5 Ways to stay Debt Free

Staying out of debt means that you don’t have any debt to start with. Being debt-free can mean different things to different people. It can mean that you can relax under a coconut tree in Vanuatu or Tahiti with not a financial care in the world, or it can mean keeping up to date with all your monthly repayments and never falling behind. Unless you are born into a truly wealthy family, it is most unlikely that you will go through life without incurring any debt. However, some types of debt are definitely better than others. A home loan, for example, can be classified as “good” debt since it is helping you acquire an asset, which will grow in value. Credit card debt, on the other hand, can be classified as a “bad” debt, since it will rarely be used to acquire an asset which will grow in value and is an extremely expensive form of finance.

Use the following 5 tips to stay debt free.

Pay your credit cards full in each month

Since credit card interest rates are higher than interest rates on most other forms of credit, it is important to pay them off in full and on time each month. Even if you are 1 day late, you will be charged a late fee, generally about $20 or more. This would be better utilized in your savings account. Also, the interest charged will be added to the principal so that you will pay interest on interest. This is a seriously bad idea.

Making your credit card repayments ahead of time just became even more important. Even though nobody may notice today if you’re 3 days late paying your monthly credit card bill or your quarterly electricity statement, soon any potential lender will be able to see every time you’ve missed one payment or been a few days late. They can use what information they find to help them decide whether or not to lend to you or give you a credit limit increase, or a new credit card, so while it may not mean the end of the world, we think you’d agree it’s better to be safe than sorry and get your finances in order today.”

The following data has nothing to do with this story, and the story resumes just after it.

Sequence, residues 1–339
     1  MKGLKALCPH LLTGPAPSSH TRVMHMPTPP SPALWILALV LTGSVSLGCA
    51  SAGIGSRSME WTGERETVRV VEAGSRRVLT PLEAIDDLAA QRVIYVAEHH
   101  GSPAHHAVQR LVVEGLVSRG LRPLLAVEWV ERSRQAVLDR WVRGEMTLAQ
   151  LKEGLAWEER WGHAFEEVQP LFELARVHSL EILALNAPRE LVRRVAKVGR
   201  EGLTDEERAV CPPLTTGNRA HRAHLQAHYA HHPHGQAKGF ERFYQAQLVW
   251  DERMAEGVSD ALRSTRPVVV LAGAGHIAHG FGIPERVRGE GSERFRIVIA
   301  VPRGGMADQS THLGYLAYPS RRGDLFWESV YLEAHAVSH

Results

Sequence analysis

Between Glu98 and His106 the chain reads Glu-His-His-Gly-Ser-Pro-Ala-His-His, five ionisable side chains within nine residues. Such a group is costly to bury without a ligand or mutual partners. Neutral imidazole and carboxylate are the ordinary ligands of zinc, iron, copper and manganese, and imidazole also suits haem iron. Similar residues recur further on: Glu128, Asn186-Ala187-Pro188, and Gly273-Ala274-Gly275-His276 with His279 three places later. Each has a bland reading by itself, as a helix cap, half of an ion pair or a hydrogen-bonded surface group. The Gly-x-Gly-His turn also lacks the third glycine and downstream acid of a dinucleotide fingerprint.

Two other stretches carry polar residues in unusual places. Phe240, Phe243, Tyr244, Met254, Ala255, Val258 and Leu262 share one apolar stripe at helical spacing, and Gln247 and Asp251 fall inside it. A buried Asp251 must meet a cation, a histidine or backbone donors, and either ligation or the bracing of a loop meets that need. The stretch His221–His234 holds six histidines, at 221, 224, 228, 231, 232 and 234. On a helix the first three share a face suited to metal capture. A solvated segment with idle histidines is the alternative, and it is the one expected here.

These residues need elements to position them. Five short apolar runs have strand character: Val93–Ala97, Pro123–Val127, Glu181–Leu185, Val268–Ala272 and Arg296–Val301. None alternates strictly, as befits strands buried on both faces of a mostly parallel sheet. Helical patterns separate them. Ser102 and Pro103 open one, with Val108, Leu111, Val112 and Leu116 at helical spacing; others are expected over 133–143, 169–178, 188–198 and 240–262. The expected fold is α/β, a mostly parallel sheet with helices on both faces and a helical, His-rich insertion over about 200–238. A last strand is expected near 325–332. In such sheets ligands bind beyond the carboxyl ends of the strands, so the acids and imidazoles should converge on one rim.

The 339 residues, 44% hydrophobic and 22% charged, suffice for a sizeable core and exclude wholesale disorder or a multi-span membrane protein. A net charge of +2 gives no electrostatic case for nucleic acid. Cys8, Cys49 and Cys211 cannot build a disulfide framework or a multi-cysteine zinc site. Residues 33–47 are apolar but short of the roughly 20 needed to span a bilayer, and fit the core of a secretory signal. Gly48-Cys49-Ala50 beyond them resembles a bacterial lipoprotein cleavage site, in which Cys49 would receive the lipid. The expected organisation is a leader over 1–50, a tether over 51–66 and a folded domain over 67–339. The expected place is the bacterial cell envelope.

Stay within your budget

There is absolutely no point making a budget unless you check it regularly and compare your spending with the budget. If you find that you are regularly spending more, then either revise the budget or eliminate some items from it, e.g. soft drinks, sweets, alcohol. While all of these things are nice to have, you can live without them. Fast food also falls into this category and is generally more expensive than home-cooked meals

“Budgets come in handy just letting you know where your money is going every month.  Without knowing where your money is at you can run the risk of having money begin wasted in places you don’t want.”

Identify your weaknesses

You might have a special weakness for shoes, gym gear or sporting equipment. Be aware of what your particular weakness is and consider if you really need yet another pair of high tech running shoes, the latest model smartphone or other gadgets. If it is not in your monthly budget, don’t buy it. Remember, your budget is all you can afford. If you desperately need to have it, you will have to do without something else in your budget.

“What is the one thing that you find very hard to resist buying? It could be the latest electronic gadget, clothes, art, vacations, eating out — you name it.

It’s the one thing you just can’t seem to stop yourself from spending money on if it’s right in front of you. These are your money triggers.

By identifying your weaknesses you can avoid impulse spending by removing the temptation — or by avoiding the temptation altogether.”

Pay for your entertainment in cash

If you don’t have sufficient cash to go out, either stay at home or visit friends in their home or go to a cheaper venue. Go to BYO restaurants, since alcoholic drinks are generally the most expensive items on the menu and often 2-3 times the cost of the same beverage in a bottle shop. Invite friends to your place and ask everyone to bring a dish.

Pay all your bills on time

If you have made an honest and careful budget, you should have sufficient money to do this. Many suppliers charge interest on late payment of bills, e.g. electricity companies, strata levies, telephone bills, car repayments not to mention credit cards, yet again. You may well blow your budget if you pay your bills late since you have probably not included this interest in your budget.